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Change is in the air. The Covid-19 crisis has turned our lives upside down, but well before this happened there was already a palpable feeling that today’s challenges are changing society in unpredictable ways. Climate change and its containment pose a historical test for humanity. Technological change gives us new possibilities, as well as great responsibility to curb any negative effects. And we live in times of geopolitical upheaval, in which Europe is still finding its place.

The European University Association (EUA) is working to capture and give direction to change by creating a vision for universities in 2030. How can universities both adapt to and drive the changes we are experiencing? At the same time, how can we protect and nurture the values that make universities what they are: institutions of open, critical and evidence-based discussion.

Universities in the coming decade should be without walls, open to all who seek the lights of learning, as well as those who want to partner with universities to create knowledge. Digitalisation has already broken down physical walls; students can attend classes from afar either towards a degree or to add to their skills. Learners of all types also need to be present on campus, in an environment that challenges them and fosters new ways of thinking about the world. Identifying the purposes of virtual and physical presence, and ensuring the right balance between them, will no doubt be a major topic for university leaders in the future.

The role of universities in their regions has grown as they play a bigger role in innovation ecosystems and engage citizens more systematically in their activities. Universities work in partnership with SMEs and large companies through placements for students and doctoral candidates, through common research projects and by doing challenge-based learning together. They also engage in mobilising citizens as partners in research. Universities are a bridge to the rest of the world. They bring perspectives, ideas and people into their communities in a way and at a scale that no other institution can match.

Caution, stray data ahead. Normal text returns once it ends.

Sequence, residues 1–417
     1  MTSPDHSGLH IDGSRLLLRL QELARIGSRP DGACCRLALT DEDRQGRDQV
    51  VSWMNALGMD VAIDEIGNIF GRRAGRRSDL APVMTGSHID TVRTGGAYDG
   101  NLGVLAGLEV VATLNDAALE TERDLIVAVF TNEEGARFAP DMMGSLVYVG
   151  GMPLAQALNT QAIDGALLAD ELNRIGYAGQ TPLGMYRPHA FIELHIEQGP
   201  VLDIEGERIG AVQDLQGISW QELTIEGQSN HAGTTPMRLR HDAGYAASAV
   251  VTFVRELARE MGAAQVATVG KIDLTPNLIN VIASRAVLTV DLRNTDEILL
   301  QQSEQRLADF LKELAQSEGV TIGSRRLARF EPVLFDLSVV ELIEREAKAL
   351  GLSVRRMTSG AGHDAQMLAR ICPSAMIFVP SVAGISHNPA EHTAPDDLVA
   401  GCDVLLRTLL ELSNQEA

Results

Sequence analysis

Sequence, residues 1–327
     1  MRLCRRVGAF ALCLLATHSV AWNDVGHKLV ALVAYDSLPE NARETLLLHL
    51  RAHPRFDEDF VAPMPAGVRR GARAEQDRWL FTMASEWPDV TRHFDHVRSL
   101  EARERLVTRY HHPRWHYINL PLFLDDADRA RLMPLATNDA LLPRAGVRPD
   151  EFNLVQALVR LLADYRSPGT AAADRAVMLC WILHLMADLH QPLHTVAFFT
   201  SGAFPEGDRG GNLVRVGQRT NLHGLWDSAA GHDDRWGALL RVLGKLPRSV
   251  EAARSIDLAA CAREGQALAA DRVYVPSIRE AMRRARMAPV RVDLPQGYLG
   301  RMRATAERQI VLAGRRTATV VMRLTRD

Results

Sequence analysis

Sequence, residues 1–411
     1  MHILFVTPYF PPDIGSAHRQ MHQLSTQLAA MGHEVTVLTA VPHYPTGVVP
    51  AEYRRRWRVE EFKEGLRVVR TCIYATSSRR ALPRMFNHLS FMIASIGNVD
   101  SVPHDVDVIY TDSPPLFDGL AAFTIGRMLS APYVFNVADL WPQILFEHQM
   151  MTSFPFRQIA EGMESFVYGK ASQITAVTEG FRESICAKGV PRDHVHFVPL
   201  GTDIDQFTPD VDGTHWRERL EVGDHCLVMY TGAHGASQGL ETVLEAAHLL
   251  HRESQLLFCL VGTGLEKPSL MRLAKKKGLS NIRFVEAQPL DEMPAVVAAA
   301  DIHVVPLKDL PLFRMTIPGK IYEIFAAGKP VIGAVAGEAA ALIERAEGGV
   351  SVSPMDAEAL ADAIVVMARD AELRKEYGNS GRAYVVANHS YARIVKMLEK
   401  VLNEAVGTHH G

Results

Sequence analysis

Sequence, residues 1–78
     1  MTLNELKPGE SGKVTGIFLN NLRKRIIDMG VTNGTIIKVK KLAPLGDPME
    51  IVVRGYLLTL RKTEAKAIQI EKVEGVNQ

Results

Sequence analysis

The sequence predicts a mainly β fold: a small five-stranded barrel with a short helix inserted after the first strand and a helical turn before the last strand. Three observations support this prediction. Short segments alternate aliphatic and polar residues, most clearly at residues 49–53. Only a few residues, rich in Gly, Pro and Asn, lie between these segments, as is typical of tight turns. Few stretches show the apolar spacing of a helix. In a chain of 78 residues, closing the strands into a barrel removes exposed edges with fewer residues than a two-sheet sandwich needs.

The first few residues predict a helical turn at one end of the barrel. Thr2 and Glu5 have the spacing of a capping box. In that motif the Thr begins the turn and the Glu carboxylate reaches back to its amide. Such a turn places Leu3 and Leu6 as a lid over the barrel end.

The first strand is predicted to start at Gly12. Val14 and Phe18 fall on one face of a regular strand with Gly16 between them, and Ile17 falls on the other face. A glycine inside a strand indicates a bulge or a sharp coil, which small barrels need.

However, the days are over when more internationalisation was a goal in itself. In a less open and trustful world, questions are increasingly being raised about cooperation with countries that do not share Europe’s values, or countries that we see as threats to technological sovereignty. The technological transformation also raises questions about the use of the knowledge that we share.

The next decade could well be the time for universities to rebalance their relations both with their immediate community and with the rest of the world. Openness will always be at the core of university values, but how to retain and nurture it in a changing world will be an important challenge.


This article was originally published in the 360upf magazine in the autumn of 2020.


Amanda Crowfoot
European University Association

Amanda Crowfoot joined EUA as Secretary General in January 2020. She is responsible for co-developing and implementing the Association’s strategic plan and is an ambassador for all members, presenting a collective vision of strong universities in Europe and leading a team of 40 staff members in offices in Brussels and Geneva.

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